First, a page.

The Equal Employment Opportunity Commission (EEOC) issued a new regulation on December 26, 2007 that allows employers to coordinate retiree health benefit plans with Medicare or comparable state plans without risking violation of the Age Discrimination in Employment Act (ADEA). Specifically, employers may alter, reduce or eliminate retiree health benefits when retirees become eligible for health benefits under Medicare or a comparable state plan. The new regulation can be found at 29 C.F.R. §1625.32.
The EEOC determined this new regulation to be “necessary and proper in the public interest” after previously having taken a contrary view and then witnessing the gradual erosion of retiree health benefit plans. Studying this trend, the EEOC concluded that along with other factors, the threat of an ADEA violation had been creating an incentive for employers to reduce or eliminate all retiree health benefits. As a result, the EEOC changed course and created the new regulation, which has received widespread support among labor unions, benefits consultants, state and local governments, and private employers.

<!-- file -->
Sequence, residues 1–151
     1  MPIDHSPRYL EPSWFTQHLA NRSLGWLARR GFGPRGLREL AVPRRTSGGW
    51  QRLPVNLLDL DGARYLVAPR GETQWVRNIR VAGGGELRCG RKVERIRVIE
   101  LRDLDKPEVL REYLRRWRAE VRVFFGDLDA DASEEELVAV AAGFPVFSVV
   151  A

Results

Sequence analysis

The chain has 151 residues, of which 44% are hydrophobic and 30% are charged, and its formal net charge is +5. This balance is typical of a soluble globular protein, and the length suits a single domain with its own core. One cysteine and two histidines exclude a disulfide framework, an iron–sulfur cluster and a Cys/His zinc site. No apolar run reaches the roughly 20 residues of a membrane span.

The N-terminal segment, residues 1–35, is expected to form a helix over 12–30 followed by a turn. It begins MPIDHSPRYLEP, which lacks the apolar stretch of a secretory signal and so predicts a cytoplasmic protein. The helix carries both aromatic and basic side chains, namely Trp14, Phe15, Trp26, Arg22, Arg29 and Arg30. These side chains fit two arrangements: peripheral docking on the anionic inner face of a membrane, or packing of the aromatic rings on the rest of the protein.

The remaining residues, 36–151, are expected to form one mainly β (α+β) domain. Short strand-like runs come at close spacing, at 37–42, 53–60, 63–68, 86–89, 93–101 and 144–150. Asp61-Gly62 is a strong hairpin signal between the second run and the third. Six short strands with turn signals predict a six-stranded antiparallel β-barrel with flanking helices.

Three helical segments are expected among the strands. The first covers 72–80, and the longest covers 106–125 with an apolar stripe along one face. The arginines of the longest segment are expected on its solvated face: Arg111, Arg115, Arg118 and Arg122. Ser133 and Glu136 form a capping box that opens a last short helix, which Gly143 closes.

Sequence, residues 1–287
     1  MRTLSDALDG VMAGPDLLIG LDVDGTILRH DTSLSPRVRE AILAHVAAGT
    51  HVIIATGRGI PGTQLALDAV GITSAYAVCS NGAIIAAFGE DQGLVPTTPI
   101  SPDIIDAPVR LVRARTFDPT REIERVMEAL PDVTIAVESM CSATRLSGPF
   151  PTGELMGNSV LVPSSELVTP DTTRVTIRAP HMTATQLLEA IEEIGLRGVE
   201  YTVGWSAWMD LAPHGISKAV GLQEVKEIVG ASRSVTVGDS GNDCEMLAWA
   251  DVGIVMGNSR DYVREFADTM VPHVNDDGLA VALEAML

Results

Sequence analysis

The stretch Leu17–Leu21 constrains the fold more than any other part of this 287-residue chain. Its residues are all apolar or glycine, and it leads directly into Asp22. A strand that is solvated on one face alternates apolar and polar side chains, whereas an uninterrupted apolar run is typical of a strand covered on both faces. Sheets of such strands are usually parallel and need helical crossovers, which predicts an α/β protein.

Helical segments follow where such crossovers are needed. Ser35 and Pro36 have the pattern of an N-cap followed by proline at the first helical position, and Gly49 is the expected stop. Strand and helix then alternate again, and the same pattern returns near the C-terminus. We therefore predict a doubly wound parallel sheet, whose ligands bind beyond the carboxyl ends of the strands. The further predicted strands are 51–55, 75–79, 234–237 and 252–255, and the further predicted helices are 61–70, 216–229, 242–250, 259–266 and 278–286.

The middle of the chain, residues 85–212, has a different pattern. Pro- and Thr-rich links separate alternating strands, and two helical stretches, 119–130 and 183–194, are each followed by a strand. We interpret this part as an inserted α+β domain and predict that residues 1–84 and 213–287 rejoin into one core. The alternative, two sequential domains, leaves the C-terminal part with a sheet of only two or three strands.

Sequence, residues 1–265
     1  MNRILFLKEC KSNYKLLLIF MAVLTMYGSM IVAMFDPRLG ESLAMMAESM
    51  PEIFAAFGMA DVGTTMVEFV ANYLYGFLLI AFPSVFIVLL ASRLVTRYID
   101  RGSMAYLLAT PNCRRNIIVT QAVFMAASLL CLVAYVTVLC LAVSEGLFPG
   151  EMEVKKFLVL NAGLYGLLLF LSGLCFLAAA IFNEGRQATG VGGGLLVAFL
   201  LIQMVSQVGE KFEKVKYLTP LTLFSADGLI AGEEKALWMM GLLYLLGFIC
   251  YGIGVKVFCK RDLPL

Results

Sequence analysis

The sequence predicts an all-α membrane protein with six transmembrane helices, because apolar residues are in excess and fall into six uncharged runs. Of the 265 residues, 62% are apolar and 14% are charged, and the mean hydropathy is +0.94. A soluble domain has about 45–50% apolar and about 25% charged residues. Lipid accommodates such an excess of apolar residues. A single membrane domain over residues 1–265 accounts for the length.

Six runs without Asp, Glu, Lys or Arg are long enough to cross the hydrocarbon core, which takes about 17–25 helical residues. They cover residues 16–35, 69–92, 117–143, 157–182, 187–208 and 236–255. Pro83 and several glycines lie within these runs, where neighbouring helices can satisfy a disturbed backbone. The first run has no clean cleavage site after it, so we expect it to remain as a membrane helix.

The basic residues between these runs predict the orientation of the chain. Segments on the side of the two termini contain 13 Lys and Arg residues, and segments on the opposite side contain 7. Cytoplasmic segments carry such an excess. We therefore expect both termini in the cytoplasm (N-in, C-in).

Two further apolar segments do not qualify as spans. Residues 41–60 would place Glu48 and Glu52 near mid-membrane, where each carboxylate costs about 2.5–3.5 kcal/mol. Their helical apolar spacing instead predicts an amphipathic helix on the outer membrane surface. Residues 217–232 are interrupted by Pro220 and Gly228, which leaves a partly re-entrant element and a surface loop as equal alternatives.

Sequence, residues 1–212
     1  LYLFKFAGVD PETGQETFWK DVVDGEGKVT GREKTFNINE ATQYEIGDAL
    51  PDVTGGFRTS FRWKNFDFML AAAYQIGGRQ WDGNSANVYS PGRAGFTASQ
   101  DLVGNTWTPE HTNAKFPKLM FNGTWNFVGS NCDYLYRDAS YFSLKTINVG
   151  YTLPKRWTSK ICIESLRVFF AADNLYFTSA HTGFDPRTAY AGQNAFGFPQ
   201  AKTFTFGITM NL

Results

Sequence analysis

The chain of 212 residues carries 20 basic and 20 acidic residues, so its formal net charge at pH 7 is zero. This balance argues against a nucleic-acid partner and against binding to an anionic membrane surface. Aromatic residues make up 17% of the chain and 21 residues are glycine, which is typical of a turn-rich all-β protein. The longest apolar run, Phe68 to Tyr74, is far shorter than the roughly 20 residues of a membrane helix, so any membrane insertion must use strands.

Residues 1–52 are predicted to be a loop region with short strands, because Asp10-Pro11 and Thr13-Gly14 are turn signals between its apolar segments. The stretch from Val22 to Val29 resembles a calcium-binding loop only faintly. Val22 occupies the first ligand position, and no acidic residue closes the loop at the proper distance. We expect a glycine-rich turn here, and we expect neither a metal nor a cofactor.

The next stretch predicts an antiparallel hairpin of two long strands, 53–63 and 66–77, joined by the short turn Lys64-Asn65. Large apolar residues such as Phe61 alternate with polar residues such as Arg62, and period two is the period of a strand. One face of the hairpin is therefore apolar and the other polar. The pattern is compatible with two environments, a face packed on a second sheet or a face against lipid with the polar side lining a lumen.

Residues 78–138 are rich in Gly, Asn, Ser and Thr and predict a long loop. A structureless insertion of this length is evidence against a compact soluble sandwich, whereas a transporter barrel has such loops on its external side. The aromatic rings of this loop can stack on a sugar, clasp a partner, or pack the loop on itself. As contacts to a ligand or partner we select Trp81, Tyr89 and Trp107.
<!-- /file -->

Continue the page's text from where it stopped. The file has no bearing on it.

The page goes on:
A legal challenge, however, by the American Association of Retired Persons (AARP) delayed finalization of the regulation. Ultimately the Third Circuit held, in AARP v. EEOC, 489 F.3d 558 (3d Cir. 2007), that the then-proposed regulation fell within the authority of the EEOC, thereby paving the way for the regulation to become final. The AARP has asked the US Supreme Court to review the Third Circuit’s decision, but this request has not yet been ruled on.
From a practical standpoint, the EEOC’s final regulation protects employers who already coordinate retiree health care coverage with Medicare or state plans from ADEA claims. It also provides an opportunity for employers to implement or amend retiree health benefit plans, although some employers may choose to wait until the Supreme Court decides whether to review the decision in AARP.